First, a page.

If you do what you love …

JessGoodwinThe past couple of months have been a bit of blur, travelling across the South West and UK whilst working at a variety of events – I am writing this sat in my hotel in Manchester having spent the week at Tatton Park Flower show. Earlier this week Joey and I were chatting over dinner and how we came to know about Mackerel Sky, which I thought would be a good intro into my first blog.

I first met Claire 5 years ago; I was an enthusiastic events management student in my 2nd year at Plymouth University. Claire was a guest lecture sharing her knowledge about sustainability in events and talking about her company Mackerel Sky (then known as Event Cornwall). I didn’t speak to Claire after the lecture but I left inspired, thinking what a cool company Mackerel Sky would be to work for.

Wind the clock forward and I now work for Mackerel Sky Events. I have now been an associate for nearly 4 months and I have already had a great (and busy) summer! From day one I got stuck in, spending my first weekend at St Ives Food & Drink festival. Despite it being a long weekend, I enjoyed every minute of it. Meeting lovely traders, eating delicious food and spending 3 days on Porthminster Beach in the sun, who could complain?!? Since then I have worked at Tunes in the Dunes, 2 prestigious flower shows and I am getting ready to pack my bags for France to go to Lorient Festival (I’m a little excited for that!).

I have been welcomed into the Mackerel Sky family with open arms and so far it’s been a blast. As they say ‘if you do what you love, you’ll never work a day in your life’.

Jess Goodwin, Event Associate, Mackerel Sky Events homepage


Planning for Every Eventuality …

riskassessmentIn this business we ask ‘what if….?’ quite a lot – in every risk assessment, every emergency action plan – and we can apply the same thinking to our organisations. The process of strategic risk assessment is a vital health check for a company and can highlight areas where the organisation is dependent on certain factors.

We start by asking ‘what’s the worst that could happen?’ and by exploring some potential future scenarios, we start to identify the key risks that could jeopardise the existence and success of the organisation. It can be a challenging process and can uncover issues and challenges that haven’t been considered previously.

One of the major challenges is considering the key people that the organisation is dependent upon for its success.  This group may include clients, suppliers and staff and the organisation needs to understand how manageable that dependency is. If the company is dependent on one client for over 50% of its turnover, then what happens if that client contract ceases? Perhaps the portfolio needs to be revisited and new projects sought to ensure that the pipeline of work keeps moving and dependency is reduced.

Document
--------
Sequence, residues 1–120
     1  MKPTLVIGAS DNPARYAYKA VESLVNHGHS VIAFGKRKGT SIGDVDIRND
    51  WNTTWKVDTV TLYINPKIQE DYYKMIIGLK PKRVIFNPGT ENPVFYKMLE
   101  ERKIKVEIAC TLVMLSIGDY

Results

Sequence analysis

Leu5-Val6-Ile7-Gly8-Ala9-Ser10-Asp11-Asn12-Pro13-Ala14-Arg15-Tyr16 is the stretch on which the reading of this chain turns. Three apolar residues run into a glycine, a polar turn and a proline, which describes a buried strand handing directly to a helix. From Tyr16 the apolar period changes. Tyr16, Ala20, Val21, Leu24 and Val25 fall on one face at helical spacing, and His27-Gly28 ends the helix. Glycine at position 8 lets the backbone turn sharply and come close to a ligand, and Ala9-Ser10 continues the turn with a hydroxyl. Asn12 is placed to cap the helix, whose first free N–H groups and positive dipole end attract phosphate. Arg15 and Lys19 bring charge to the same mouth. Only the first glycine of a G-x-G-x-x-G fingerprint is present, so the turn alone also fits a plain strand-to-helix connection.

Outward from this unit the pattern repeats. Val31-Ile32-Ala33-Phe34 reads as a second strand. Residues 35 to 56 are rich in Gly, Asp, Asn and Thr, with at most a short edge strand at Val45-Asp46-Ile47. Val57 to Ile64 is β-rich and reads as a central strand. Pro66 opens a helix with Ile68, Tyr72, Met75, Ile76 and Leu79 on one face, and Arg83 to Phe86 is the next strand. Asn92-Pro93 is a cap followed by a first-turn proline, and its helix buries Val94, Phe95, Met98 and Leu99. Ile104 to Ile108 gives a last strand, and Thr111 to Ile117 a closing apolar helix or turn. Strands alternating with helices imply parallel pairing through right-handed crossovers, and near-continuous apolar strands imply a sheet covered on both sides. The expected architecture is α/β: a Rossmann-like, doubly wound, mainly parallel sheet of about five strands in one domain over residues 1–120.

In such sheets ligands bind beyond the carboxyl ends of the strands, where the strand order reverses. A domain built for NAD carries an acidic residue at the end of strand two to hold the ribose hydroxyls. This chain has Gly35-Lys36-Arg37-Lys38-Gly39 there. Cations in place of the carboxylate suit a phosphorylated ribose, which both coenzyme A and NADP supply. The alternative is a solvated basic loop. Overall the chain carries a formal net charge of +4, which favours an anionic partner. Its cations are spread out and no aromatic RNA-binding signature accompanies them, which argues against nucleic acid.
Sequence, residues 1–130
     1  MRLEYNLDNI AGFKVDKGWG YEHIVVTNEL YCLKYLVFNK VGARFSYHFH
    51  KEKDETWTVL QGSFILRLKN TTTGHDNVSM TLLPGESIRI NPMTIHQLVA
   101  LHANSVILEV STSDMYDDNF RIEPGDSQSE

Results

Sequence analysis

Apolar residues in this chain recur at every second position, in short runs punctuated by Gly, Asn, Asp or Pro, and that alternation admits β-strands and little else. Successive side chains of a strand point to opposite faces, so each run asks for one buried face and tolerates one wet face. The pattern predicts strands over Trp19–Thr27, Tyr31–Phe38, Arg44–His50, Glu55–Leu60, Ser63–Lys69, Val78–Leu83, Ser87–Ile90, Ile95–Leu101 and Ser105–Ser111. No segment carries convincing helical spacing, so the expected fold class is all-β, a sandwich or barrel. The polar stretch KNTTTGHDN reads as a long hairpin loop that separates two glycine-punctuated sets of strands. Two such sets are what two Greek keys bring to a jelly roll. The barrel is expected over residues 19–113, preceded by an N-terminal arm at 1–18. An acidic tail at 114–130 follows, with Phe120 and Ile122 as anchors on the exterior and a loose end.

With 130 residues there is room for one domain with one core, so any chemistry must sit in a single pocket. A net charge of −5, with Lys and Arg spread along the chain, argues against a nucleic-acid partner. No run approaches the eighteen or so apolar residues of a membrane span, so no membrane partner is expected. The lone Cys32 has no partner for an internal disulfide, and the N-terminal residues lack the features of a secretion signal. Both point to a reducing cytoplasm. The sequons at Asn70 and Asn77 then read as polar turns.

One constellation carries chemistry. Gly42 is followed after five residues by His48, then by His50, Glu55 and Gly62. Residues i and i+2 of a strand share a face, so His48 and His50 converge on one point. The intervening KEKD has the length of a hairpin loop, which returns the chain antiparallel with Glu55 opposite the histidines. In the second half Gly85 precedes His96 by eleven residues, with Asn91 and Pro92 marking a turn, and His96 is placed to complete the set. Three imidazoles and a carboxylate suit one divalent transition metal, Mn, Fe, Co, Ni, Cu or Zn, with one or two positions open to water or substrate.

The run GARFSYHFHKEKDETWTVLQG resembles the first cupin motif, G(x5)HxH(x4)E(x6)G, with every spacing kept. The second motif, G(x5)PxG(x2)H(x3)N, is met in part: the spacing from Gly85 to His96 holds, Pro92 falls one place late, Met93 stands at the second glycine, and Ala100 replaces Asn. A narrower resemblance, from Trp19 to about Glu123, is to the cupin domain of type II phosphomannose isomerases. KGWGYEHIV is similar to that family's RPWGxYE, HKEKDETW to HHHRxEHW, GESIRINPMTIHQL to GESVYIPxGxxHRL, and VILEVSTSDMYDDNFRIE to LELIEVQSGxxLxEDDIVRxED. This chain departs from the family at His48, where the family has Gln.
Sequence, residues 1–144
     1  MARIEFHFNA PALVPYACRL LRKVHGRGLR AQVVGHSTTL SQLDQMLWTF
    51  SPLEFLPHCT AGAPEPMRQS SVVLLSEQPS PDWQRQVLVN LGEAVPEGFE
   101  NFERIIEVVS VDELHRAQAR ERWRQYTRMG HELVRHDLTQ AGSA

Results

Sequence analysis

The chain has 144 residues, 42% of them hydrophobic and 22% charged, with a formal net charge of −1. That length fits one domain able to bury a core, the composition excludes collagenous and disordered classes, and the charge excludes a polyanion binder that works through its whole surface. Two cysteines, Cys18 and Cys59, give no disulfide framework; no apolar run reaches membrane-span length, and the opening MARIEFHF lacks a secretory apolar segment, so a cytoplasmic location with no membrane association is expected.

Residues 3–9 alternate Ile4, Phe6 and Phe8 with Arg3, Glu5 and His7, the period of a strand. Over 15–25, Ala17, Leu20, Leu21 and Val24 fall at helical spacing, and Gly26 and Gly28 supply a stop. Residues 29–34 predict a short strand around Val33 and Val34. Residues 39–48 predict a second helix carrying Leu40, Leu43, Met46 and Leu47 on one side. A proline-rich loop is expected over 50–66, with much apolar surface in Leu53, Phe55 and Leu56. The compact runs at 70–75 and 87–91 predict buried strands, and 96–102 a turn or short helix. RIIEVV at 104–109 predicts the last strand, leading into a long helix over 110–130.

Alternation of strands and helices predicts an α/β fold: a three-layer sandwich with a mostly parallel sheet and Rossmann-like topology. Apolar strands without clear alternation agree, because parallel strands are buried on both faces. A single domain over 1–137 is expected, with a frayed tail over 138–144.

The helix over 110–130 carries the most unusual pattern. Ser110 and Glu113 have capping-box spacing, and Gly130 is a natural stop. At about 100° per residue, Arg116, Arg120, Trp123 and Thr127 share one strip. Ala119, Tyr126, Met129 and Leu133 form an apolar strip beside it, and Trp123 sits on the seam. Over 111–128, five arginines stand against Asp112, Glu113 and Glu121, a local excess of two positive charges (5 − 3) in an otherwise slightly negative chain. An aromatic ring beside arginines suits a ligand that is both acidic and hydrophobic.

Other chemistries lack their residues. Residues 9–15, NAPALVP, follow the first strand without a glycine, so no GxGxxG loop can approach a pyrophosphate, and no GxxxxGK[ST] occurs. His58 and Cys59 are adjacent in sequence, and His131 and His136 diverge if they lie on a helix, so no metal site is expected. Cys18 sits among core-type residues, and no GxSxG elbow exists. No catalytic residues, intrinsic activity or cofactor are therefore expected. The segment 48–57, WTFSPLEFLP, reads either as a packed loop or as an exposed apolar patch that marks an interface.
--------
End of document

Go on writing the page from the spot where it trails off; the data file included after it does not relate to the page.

It may be that the company is dependent on one or two key members of staff for managing the organisation (and avoiding some of the financial or operational risks) as much as for producing the company output. It may be that the company is built on the skills, ability and personality of the chief executive or other key individual and so there is a risk that the company’s capacity is therefore limited by the individual, meaning that the
company simply cannot grow. Let alone what happens if that key person can’t work for some reason.

For founder managers, it can be particularly difficult to critique how the company works and to plan for their succession. As much as we are taught that business is business, I would argue that it isn’t. It’s personal, particularly for entrepreneurs and small businesses. So in considering these big challenges for an organisation, we must consider the people affected by and involved in them and how we respond to those challenges also influences how we are perceived internally and externally.

There are some brilliant things we can do to mitigate these strategic risks. We can insure our key people in case of injury or similar. We can create delegation structures that share workload, information and responsibility as well as develop skill and capacity across the organisation. We can talk to other people and get support and advice from sources you trust and respect. For me, I do this by having a non-executive Board including a freelance Finance Director, all people who know a lot more than I and who I trust to advise in the best interests of the company. My Board is invaluable in assessing and managing these strategic risks, keeping me on track and enabling me to take all of those mitigating actions, enabling all of us to work to our best and enabling the company to succeed.


Claire Eason Bassett, Managing Director, Mackerel Sky

No man is an island they say

group-01I think we can all agree that, in business, and specifically in events, people are our greatest asset.  This is true but only really so if we manage and develop that team and wider network to play to our collective and individual strengths.